Japan persisted with Formula Two rules for a couple of years after the demise of F2 in Europe, but then adopted basically F3000 rules as Formula Nippon which, unlike European F3000, featured a lot of competition between tyre companies, and tended to feature highly-paid drivers (both local and European) in cars tending to be more developed and tested than those in the European series. The Mugen engine dominated this series, and was also extremely competitive in European F3000.

The European series remained unchanged for about a decade, but increasing costs reduced the popularity of the series by the mid 1990s.

The spec-chassis years

In 1996, new rules were introduced. These introduced a single engine (a detuned Judd V8 engine, re-engineered by and badged as a Zytek) and chassis (Lola), to go along with tyre standardization (Avon) introduced a number of years earlier. The following year the calendar was combined with that of Formula One, so the series became support races for the Grand Prix. Several Grand Prix teams established formal links with F3000 teams to develop young drivers (and engineering talent); these relationships varied from formal "junior teams" (such as the one McLaren set up for Nick Heidfeld) to fairly distant relationships based mostly upon shared sponsors and the use of the 'parent' team's name. The series grew dramatically through the late nineties, reaching an entry of nearly 40 cars - although this in itself was problematic as it meant many drivers failed to qualify. In 2000, the series was restricted to 15 teams of two cars each.

However, by 2002 expenses were once more very high and the number of entries, and sponsors, rapidly dwindled. Formula 3000 was experiencing tough competition with cheaper formulae, such as European F3000 (using ex-FIA 1999 and 2002 Lola chassis), World Series by Nissan (also known as Formula Nissan) and Formula Renault V6 Eurocup, as well as the North American CART series. While drivers from these series such as Juan Pablo Montoya (CART), Cristiano da Matta (CART), and Felipe Massa (EF3000) found top rides in Formula One, the F3000 drivers seemed to have inordinate difficulty in moving onwards. By the end of 2003, car counts had fallen to new lows.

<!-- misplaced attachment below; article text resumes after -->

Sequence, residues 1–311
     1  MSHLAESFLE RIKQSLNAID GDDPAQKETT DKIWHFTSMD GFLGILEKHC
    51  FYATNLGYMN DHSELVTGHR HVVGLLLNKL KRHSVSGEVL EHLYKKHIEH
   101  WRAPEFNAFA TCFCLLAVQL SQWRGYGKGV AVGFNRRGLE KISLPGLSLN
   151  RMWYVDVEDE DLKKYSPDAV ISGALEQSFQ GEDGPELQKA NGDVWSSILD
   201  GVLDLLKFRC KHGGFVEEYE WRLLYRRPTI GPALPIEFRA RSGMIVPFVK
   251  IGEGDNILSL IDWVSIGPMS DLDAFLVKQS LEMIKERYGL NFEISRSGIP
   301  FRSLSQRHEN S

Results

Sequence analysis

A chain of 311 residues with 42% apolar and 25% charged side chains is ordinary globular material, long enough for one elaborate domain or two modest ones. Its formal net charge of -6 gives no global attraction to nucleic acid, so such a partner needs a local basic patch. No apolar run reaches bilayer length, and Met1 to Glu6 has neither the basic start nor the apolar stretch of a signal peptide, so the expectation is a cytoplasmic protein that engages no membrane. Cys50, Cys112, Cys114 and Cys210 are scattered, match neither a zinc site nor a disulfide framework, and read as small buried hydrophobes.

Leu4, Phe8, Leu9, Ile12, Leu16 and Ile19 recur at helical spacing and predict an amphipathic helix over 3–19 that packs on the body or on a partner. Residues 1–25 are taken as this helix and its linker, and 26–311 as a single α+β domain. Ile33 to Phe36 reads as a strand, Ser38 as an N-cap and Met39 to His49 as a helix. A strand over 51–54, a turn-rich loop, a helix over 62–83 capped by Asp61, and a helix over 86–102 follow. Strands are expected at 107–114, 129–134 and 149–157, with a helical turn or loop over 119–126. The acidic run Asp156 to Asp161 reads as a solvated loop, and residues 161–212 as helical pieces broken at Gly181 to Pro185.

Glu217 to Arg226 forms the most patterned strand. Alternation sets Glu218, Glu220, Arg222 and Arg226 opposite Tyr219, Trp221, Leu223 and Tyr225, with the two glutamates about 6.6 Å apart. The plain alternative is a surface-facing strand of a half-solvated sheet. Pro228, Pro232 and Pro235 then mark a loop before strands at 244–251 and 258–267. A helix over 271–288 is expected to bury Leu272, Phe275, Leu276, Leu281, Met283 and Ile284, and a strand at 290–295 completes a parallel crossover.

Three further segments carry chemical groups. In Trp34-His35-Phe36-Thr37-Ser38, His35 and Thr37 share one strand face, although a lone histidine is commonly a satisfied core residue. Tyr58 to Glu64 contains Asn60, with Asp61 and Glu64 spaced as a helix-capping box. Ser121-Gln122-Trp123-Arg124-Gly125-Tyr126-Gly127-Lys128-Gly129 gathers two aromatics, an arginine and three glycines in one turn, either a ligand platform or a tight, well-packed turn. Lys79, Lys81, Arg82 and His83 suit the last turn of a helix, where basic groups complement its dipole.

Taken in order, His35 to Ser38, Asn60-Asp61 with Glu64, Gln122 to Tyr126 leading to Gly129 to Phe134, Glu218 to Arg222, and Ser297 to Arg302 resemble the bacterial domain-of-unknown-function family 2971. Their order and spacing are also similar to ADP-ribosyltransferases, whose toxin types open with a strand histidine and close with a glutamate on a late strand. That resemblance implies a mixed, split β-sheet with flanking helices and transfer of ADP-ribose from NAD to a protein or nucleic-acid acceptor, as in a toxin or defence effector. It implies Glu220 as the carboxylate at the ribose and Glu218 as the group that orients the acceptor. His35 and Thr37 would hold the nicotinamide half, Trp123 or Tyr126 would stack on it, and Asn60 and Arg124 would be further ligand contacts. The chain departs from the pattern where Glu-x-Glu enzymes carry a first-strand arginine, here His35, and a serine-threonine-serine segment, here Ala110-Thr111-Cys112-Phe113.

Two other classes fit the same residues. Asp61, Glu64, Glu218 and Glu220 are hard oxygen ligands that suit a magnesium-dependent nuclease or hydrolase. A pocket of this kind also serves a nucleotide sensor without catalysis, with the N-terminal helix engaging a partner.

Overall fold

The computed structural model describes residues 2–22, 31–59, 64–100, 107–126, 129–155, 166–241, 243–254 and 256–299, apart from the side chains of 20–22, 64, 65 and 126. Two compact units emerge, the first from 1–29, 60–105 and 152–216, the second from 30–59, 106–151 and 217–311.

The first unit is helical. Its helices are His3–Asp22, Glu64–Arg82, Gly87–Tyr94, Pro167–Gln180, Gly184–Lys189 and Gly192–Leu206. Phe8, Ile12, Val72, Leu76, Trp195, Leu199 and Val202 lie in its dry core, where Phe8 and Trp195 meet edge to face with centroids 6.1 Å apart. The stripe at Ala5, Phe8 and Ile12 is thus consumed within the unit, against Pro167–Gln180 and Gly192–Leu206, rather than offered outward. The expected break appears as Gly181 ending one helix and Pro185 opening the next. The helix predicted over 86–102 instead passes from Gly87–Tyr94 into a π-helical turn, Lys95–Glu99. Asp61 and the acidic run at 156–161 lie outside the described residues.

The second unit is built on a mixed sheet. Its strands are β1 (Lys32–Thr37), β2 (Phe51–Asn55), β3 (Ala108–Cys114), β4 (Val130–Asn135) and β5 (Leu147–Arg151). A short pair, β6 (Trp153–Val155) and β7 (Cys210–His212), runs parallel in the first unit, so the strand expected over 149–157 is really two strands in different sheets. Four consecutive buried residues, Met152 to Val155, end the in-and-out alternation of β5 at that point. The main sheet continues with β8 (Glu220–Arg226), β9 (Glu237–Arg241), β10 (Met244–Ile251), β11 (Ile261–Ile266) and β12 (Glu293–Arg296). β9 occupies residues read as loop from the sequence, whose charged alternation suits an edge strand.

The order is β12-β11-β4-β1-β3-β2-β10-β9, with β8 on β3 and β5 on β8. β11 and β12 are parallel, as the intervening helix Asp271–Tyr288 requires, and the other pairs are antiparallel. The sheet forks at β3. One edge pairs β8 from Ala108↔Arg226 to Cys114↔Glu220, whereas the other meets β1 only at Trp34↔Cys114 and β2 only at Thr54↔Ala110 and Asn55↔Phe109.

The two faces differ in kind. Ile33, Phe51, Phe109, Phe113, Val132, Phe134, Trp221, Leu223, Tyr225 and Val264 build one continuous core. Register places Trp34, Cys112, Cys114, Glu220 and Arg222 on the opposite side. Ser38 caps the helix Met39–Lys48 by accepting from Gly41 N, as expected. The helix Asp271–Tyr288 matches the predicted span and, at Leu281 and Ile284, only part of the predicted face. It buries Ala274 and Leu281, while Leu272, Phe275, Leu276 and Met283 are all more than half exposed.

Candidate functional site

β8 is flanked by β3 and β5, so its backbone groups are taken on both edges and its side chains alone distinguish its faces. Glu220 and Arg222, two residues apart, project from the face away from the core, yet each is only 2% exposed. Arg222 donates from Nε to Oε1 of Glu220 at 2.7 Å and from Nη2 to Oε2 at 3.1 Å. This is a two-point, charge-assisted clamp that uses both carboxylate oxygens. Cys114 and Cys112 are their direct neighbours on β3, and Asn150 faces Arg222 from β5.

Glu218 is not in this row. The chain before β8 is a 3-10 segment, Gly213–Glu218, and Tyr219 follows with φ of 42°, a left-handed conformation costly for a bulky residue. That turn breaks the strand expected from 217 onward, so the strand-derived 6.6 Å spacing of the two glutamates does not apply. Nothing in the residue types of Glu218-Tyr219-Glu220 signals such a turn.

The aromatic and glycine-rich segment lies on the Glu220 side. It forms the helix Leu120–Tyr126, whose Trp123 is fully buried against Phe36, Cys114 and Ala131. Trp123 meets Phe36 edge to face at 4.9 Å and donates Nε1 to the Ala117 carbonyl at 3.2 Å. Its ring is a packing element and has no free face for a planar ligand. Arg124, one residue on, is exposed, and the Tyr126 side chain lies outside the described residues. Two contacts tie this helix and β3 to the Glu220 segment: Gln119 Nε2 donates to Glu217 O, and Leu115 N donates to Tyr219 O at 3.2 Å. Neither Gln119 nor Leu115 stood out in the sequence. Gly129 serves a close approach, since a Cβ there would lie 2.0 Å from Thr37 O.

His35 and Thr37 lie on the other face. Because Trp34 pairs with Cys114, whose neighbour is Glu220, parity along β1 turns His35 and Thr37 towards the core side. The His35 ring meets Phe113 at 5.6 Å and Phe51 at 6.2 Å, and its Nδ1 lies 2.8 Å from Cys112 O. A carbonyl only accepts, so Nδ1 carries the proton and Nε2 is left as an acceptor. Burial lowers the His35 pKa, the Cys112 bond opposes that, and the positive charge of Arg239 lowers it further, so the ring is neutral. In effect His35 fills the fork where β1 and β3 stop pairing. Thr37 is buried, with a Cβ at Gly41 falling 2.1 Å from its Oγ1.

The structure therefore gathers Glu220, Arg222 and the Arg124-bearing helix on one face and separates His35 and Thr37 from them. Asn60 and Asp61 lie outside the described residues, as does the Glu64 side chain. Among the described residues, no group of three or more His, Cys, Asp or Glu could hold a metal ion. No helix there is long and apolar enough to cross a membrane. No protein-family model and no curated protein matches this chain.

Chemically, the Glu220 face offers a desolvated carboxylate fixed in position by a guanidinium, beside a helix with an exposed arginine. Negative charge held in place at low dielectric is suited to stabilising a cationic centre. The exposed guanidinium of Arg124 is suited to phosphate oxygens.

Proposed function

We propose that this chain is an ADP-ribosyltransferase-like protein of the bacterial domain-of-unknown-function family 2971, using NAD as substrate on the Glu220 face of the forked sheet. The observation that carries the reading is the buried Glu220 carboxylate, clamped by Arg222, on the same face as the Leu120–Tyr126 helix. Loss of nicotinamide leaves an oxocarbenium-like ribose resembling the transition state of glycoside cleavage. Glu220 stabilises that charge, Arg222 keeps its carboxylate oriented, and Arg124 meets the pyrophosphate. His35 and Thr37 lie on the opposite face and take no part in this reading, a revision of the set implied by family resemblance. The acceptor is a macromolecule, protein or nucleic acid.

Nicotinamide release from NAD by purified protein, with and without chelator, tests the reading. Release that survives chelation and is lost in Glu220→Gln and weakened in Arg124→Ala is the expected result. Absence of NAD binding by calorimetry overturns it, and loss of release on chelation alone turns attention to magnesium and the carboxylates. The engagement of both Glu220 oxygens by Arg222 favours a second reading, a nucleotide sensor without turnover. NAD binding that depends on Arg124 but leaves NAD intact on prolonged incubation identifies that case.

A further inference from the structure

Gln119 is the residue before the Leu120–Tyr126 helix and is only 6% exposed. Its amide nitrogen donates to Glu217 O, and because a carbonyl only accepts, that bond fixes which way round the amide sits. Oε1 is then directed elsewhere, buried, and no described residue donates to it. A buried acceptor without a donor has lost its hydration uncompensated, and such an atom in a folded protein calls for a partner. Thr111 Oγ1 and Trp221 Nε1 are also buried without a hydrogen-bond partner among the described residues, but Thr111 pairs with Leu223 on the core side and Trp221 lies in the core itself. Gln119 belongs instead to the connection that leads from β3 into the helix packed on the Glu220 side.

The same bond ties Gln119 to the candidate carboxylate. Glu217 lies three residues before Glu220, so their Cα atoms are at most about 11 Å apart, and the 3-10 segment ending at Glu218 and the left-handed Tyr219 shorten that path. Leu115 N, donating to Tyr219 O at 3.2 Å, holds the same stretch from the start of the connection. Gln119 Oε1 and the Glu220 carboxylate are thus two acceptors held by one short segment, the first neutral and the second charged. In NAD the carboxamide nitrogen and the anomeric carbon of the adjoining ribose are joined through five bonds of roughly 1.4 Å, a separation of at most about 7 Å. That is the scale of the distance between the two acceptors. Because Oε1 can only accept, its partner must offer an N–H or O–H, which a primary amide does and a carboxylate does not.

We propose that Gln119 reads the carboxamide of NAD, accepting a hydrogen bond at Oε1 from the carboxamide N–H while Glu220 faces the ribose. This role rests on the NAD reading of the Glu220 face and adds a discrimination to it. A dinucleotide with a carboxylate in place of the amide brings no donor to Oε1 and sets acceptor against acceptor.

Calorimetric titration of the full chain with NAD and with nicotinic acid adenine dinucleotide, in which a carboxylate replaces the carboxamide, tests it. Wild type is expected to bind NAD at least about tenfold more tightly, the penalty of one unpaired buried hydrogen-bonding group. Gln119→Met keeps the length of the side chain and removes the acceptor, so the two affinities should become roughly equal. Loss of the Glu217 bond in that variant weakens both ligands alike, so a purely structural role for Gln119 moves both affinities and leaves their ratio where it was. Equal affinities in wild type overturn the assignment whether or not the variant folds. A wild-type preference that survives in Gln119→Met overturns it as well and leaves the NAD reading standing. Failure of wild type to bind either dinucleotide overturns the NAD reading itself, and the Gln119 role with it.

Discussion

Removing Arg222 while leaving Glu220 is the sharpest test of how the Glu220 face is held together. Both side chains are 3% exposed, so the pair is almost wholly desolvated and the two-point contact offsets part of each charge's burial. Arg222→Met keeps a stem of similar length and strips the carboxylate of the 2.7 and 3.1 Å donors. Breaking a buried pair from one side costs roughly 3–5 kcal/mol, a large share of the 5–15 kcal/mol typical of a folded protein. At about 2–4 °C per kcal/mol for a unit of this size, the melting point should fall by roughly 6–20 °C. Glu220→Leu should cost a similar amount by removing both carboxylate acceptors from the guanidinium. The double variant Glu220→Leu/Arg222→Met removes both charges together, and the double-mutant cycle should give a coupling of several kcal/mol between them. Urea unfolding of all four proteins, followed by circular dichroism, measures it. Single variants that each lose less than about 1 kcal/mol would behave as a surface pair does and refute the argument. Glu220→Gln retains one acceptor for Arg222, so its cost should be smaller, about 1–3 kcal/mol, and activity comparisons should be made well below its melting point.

The 2004 season was the last F3000 campaign, due in part to dwindling field sizes. In 2005 it was replaced with a new series known as GP2, with Renault backing.


Season Driver Team / Car Poles Wins Podiums Fastest
Points Clinched Margin
1985 West Germany -- Christian Danner BS Automotive
2 4 7 4 52 Race 11 of 11 6
1986 Italy -- Ivan Capelli Genoa
3 2 6 1 39 Race 11 of 11 2
1987 Italy -- Stefano Modena Onyx
0 3 4 1 41 Race 11 of 11 7
1988 Brazil -- Roberto Moreno Bromley Motorsport
3 4 4 1 43 Race 9 of 11 9
1989 France -- Jean Alesi Eddie Jordan Racing
2 3 4 1 39 Race 9 of 10 0
1990 France -- Érik Comas DAMS
3 4 6 1 51 Race 10 of 11 21
1991 Brazil -- Christian Fittipaldi Pacific Racing
4 2 7 1 47 Race 10 of 10 5
1992 Italy -- Luca Badoer Crypton Engineering
5 4 5 3 46 Race 9 of 10 12
1993 France -- Olivier Panis DAMS
2 3 4 2 32 Race 9 of 9 1
1994 France -- Jean-Christophe Boullion DAMS
0 3 4 1 36 Race 8 of 8 2
1995 Italy -- Vincenzo Sospiri Super Nova Racing
0 3 5 0 42 Race 7 of 8 13
1996 Germany -- Jörg Müller RSM Marko
2 2 8 4 52 Race 10 of 10 3
1997 Brazil -- Ricardo Zonta Super Nova Racing
4 3 5 4 39 Race 9 of 10 1.5
1998 Colombia -- Juan Pablo Montoya Super Nova Racing
7 4 9 5 65 Race 12 of 12 7
1999 Germany -- Nick Heidfeld West Competition
4 4 7 6 59 Race 8 of 10 29
2000 Brazil -- Bruno Junqueira Petrobras
2 4 5 1 48 Race 10 of 10 3
2001 United Kingdom -- Justin Wilson Nordic Racing
2 3 10 1 71 Race 10 of 12 32
2002 France -- Sébastien Bourdais Super Nova Racing
6 3 8 3 56 Race 12 of 12 2
2003 Sweden -- Björn Wirdheim Arden International
5 3 9 7 78 Race 8 of 10 35
2004 Italy -- Vitantonio Liuzzi Arden International
9 7 9 3 86 Race 9 of 10 30

Four past F3000 champions have never appeared in an F1 race: Bourdais, Junqueira and Wirdheim all have raced in Champ Cars. Müller is now BMW pilot in WTCC touring car racing after having been a test driver for the BMW-Williams F1 project in 1999 as well as a racer of the BMW V12 Le Mans winner. Sospiri has attempted to qualify for a race and failed to make it, having raced for a highly unprepared team with poor equipment. Wirdheim has been third driver in practice sessions for Jaguar Racing, but has never participated in a race.

Three of them have won a F1 Grand Prix: Alesi, Panis and Montoya (who also won the Indy 500 once). No Formula Two, Formula 3000 or GP2 champion has ever become World Champion (though Alberto Ascari won the World Championship for two years running when all qualifying races apart from the Indianapolis 500 were run to Formula Two rules).

FIA Formula 3000v · d · e
1985 • 1986 • 1987 • 1988 • 1989 • 1990 • 1991 • 1992 • 1993 • 1994 • 1995 • 1996 • 1997 • 1998 • 1999 • 2000 • 2001 • 2002 • 2003 • 2004